Saturday, March 22, 2014

Answer to Case 297

Answer: microsporidiosis

The images from the kidney show small oval spores (approximately 1.5 x 0.5 micrometers) within the renal tubular cells.  The fact that they are focally acid fast using Ziehl-Neelsen staining and nicely highlighted with Ryan's Trichrome Blue (a chromotrope 2R stain) is highly suggestive of microsporidiosis.  The positively-stained spores in urine are also consistent with microsporidia, although as Jamal points out, this is not a specific stain and other organisms such as yeasts can stain (although not usually as darkly red-pink as microsporidia spores).  Indeed, this can be a challenging stain to interpret, especially because many of the microsporidia (particularly those found in stool - Encephalitozoon intestinalis and Enterocytozoon bieneusi) are very tiny, measuring only 1 to 1.5 micrometers in length. Some of the other microsporidia (e.g. Nosema, Brachiola, Anncaliia) are significantly larger, measuring up to 5 micrometers in length and thus resemble small yeasts.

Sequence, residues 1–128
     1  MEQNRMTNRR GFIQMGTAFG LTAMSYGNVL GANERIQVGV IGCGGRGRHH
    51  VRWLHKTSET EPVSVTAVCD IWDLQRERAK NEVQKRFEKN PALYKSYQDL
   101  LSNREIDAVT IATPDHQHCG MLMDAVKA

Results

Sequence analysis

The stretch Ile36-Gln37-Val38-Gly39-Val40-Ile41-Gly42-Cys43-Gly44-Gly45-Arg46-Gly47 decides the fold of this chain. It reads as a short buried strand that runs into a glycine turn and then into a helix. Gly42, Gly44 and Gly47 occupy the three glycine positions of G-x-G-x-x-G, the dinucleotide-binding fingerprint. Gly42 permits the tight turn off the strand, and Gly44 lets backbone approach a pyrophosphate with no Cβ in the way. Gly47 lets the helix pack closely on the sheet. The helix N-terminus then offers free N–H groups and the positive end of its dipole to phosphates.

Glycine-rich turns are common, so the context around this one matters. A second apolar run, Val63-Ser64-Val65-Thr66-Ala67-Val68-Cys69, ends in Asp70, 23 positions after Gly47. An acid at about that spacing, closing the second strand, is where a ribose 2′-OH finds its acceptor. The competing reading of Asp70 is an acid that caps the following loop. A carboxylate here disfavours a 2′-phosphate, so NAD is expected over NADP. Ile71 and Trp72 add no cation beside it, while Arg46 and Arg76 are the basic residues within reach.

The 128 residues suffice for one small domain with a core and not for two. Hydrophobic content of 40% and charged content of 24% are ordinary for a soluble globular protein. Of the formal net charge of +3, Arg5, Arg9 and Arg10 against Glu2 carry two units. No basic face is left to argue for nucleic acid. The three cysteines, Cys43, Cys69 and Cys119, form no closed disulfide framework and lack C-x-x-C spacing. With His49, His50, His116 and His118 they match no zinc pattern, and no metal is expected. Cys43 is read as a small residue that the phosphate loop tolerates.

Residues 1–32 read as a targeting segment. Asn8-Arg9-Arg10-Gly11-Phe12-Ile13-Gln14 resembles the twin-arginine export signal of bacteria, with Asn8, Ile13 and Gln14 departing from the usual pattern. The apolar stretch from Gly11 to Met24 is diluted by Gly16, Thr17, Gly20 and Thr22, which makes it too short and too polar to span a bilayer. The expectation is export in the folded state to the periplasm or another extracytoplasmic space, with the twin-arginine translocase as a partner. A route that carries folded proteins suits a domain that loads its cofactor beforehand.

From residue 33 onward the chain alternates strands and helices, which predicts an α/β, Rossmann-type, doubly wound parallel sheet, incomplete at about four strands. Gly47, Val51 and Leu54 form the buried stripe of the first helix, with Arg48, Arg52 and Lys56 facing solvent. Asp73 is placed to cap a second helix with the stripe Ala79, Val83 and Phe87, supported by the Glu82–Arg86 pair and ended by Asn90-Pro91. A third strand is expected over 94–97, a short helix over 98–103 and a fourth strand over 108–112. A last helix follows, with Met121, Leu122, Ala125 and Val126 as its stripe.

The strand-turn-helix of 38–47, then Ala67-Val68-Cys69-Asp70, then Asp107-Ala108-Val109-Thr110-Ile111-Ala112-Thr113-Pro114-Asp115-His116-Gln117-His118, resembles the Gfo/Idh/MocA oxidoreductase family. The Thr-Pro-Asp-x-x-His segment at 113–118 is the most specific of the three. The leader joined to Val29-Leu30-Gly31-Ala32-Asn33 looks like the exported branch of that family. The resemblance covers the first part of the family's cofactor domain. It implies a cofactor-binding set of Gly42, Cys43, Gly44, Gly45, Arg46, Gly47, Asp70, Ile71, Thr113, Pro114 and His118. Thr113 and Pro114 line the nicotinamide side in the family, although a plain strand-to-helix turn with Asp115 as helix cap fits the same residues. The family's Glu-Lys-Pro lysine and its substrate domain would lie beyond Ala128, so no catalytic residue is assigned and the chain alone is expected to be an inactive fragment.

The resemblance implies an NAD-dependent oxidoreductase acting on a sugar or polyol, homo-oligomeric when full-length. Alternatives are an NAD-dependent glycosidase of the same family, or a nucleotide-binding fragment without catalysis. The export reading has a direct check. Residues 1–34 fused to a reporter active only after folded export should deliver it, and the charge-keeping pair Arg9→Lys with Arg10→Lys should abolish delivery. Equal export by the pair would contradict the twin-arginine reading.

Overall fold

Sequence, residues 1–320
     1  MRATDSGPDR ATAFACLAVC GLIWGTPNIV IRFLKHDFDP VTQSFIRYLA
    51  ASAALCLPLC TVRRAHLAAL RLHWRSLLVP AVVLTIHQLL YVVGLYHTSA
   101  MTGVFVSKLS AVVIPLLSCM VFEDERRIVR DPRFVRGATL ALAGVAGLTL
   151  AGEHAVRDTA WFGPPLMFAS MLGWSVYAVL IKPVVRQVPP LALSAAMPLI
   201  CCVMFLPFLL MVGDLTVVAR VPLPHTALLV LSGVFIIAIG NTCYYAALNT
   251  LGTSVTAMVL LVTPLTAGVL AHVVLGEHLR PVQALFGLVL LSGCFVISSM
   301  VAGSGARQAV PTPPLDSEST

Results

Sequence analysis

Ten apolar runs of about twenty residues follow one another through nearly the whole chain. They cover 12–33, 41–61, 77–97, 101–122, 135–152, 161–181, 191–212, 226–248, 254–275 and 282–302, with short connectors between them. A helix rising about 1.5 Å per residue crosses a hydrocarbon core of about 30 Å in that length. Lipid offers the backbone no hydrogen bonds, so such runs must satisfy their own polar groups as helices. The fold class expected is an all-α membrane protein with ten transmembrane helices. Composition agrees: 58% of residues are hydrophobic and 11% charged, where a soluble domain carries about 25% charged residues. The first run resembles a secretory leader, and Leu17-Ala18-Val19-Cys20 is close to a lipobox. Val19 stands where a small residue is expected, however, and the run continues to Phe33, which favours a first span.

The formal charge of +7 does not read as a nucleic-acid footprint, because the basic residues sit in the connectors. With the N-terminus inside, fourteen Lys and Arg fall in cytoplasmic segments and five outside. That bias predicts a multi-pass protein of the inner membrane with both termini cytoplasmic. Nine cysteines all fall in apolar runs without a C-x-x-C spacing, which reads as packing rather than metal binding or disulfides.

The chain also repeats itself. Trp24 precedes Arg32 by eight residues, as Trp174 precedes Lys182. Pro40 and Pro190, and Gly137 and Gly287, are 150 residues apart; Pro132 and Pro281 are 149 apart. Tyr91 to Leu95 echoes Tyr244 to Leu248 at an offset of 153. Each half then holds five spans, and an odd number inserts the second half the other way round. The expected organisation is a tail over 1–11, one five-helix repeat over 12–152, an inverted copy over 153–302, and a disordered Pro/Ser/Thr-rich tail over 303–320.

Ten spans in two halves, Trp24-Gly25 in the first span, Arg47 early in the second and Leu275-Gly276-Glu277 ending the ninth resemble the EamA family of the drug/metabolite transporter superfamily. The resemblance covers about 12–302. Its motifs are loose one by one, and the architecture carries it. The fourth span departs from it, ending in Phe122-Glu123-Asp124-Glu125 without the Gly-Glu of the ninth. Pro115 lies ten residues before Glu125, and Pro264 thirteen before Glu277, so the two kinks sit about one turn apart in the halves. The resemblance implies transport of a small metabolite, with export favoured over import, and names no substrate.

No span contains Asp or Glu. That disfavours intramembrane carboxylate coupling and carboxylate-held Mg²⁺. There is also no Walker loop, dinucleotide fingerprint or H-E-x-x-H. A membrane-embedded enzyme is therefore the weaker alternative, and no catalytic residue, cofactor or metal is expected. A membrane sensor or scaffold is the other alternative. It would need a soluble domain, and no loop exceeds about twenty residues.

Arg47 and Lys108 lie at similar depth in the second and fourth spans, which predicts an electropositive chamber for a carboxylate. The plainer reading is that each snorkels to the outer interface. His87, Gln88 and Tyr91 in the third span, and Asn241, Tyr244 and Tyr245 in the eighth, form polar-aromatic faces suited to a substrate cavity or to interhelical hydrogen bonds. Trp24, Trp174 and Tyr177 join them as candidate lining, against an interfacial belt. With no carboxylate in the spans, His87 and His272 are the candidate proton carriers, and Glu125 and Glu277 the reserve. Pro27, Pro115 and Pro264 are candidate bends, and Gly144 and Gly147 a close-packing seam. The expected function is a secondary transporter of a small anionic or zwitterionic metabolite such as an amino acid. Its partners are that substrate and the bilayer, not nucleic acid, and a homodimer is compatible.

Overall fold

As many of the readers pointed out, it is the TEM image that provides confirmation of the diagnosis.  As noted by Dr. Louis Weiss, this is most likely Encephalitozoon cuniculi based on the clinical presentation and EM appearance (although he notes that other Encephalitozoon spp. will have a similar appearance on EM.)  We also performed PCR which was positive for E. cuniculi.  Some of the characteristic EM features are demonstrated below:

(note that Encephalitozoon cuniculi is not always present in a parasitophorous vacuole).

Interpreting TEM images of microsporidia spores can be tricky and expertise is limited to specialized settings such as the CDC.  When in doubt, I would contact them for assistance!

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